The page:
Built on Facts

The Sky Above the Port

William Gibson revolutionized the world of science fiction with his dark and gritty but somehow impossibly cool cyberpunk novel Neuromancer. Dystopias have always been a staple of science fiction, but in this case the dystopia didn’t seem too horribly dystopic. Sure some computer might try to take over the world or some vat-grown ninja might shiv you in a space station, but it would sure be an interesting life even if it was short and weird. Gibson’s skill with language helped. The first line of the novel resonates in fiction circles to this day:

The sky above the port was the color of television, tuned to a dead channel.

Neuromancer was written in 1984. I think it’s a little funny that in the modern world of digital TV the color of a television tuned to a dead channel is in fact a solid bright blue. It’s probably not a coincidence. If your TV is showing a dead channel there’s probably something wrong with it. And if it’s broken, the manufacturer probably can guess that you don’t want to be looking at some frustrating color like red. If you’re going to be calling their support department you should probably have a nice blue sky in mind.

The sky itself blue due to the scattering action of the atmosphere. Carrying the explanation beyond that is something we’ll save for later, but for now it’s good enough to say that it is in fact the atmosphere that’s doing the scattering.

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This is from the Wikipedia article on the sky, and you’ll notice that at this high altitude the blueness gets deeper and at high angles you have even less total atmosphere to do the scattering and so the blueness fades to black. So just how much atmosphere have you managed to get above at airline altitudes? Most of it. The cabin is pressurized for a reason.

The barometric formula gives a pretty good estimate of exactly how much. At typical airline altitudes you’re above more than 2/3 of the atmosphere. If you’re sufficiently clever you could estimate your altitude by judging how dark the blueness of the sky was. It wouldn’t be easy or very accurate, but you could do it.

I don’t fly often, but when I do I notice that most people keep their windows closed and do something boring like sleep the whole way. I think it’s a better idea not to do that. Open the window and take a look, and see what you can notice about this ocean of air we inhabit.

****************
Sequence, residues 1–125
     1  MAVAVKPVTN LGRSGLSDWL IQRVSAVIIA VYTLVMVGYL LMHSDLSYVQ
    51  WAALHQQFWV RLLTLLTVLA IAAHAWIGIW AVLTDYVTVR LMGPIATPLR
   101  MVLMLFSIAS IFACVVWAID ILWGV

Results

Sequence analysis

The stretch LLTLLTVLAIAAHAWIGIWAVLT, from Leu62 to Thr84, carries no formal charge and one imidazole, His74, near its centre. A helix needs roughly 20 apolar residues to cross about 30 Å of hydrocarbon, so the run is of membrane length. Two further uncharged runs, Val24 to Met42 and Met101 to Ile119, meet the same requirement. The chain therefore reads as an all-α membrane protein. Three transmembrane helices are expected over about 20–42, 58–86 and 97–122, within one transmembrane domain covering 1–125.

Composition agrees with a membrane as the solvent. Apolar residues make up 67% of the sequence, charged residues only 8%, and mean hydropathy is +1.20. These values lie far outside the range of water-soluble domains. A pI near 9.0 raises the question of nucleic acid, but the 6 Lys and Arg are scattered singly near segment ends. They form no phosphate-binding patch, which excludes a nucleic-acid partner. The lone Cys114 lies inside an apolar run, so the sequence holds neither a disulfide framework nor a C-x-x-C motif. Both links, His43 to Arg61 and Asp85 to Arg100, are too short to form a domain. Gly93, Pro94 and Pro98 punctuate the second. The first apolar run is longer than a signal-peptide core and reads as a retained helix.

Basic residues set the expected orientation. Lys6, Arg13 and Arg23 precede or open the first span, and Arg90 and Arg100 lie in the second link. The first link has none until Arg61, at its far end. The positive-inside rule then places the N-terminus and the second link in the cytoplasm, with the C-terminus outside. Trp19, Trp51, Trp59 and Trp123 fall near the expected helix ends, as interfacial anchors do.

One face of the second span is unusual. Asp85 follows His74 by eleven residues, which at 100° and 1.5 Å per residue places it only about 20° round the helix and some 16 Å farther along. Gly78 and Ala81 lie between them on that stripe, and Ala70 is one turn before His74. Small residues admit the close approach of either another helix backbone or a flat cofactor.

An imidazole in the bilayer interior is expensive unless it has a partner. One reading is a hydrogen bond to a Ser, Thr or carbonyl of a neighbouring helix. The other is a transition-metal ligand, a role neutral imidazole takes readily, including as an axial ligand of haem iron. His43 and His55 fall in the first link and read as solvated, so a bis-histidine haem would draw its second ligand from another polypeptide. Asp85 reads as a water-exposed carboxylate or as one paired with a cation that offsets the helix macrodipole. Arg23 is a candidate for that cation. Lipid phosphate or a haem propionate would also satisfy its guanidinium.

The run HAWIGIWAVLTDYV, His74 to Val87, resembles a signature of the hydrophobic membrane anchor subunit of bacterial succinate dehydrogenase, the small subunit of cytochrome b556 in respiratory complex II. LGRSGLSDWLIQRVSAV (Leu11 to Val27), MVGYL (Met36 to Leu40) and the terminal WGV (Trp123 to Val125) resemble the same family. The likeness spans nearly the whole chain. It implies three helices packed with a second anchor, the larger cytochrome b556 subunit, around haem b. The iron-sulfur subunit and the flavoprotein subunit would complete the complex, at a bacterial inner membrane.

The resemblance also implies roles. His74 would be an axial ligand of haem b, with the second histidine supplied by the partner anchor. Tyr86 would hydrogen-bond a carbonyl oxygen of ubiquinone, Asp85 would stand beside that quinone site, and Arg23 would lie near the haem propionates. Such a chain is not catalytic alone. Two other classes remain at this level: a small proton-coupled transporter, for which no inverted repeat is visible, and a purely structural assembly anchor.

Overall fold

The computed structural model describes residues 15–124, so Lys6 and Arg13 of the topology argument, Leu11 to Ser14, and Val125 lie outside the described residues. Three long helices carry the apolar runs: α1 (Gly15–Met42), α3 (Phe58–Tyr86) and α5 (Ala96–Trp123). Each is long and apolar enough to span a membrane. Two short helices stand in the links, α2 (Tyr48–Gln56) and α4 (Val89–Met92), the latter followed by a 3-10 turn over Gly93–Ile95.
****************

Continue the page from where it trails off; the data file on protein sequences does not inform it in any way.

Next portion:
Comments

  1. #1 Anonymous
    November 7, 2008

    “Necromancer was written in 1984″? 3rd paragraph.
    Freudian slip? I always thought you physics geeks were a little weird.

    Seriously ‘though… Thank you for your blog — I love and am amazed at the amount of work you seem to put into it (even if I am a liberal Dem).

  2. #2 Chad Orzel
    November 7, 2008

    I think it’s a little funny that in the modern world of digital TV the color of a television tuned to a dead channel is in fact a solid bright blue.

    Neil Gaiman riffed off this in his novel Neverwhere
    (Chapter 20, second paragraph), writing “The sky was the perfect untroubled blue of a television screen tuned to a dead channel.”

  3. #3 Eric Lund
    November 7, 2008

    I don’t fly often, but when I do I notice that most people keep their windows closed and do something boring like sleep the whole way.

    I think you mean that people keep their window shades down–for obvious reasons you cannot open an airplane window.

    Often the window shades are down because flight attendants insist on it. They think we’re eager to pay $5 to watch a mediocre movie or something. I agree that most such passengers are missing out on a good show. One of my games is to look down (if in daylight and skies are clear to partly cloudy) and try to figure out where I am. Mostly I have to work that out from roads and rivers, but not always–e.g., it’s easy to spot the Nebraska-Colorado border from the air if you know what to look for.

  4. #4 Chris
    November 7, 2008

    I only put the shade down when there’s blinding light reflecting from the clouds.

  5. #5 Eugene
    November 7, 2008

    I’m reminded of an On the Media story from January 2005 about the (mostly) dead technology represented by the “record scratch” sound effect. The intrepid reporter had no problem finding kids who couldn’t identify the needle-on-vinyl source of the sound. But like a colloquial expression whose etymology has been lost in the mists of time, everybody still knows what the record scratch “means.”

  6. #6 Matt Springer
    November 8, 2008

    Thanks, #1!

    Chad, that’s almost too bad. I thought I had a clever original observation! Oh well, if I’m going to be scooped it might as well be by Gaiman.

  7. #7 Derek
    November 9, 2008

    Short time reader, first time commenter.

    I was unaware of this book, but the premise seemed neat and I love dystopias, so I looked into it.

    The end of the first chapter reads, “the neon dead, the holograms inert, waiting, under the poisoned silver sky.” That’s all the further I’ve gone into the book, but is it possible you attributed the wrong color? He talks a bit there about Styrofoam floating around in the sea; it’s more likely the sky would be swirling smoke.

    But, you’ve apparently read the whole book – I have not. Either way, great blog, great post, thanks for turning me on to what will likely be a great book.

  8. #8 Ryan
    November 11, 2008

    In 1984,the colour of a dead TV channel was that fuzzy snow type thing with all the grey and white dots buzzing araound, and the white nooise in the background. They didn’t have any digital blue channels or anyting like that.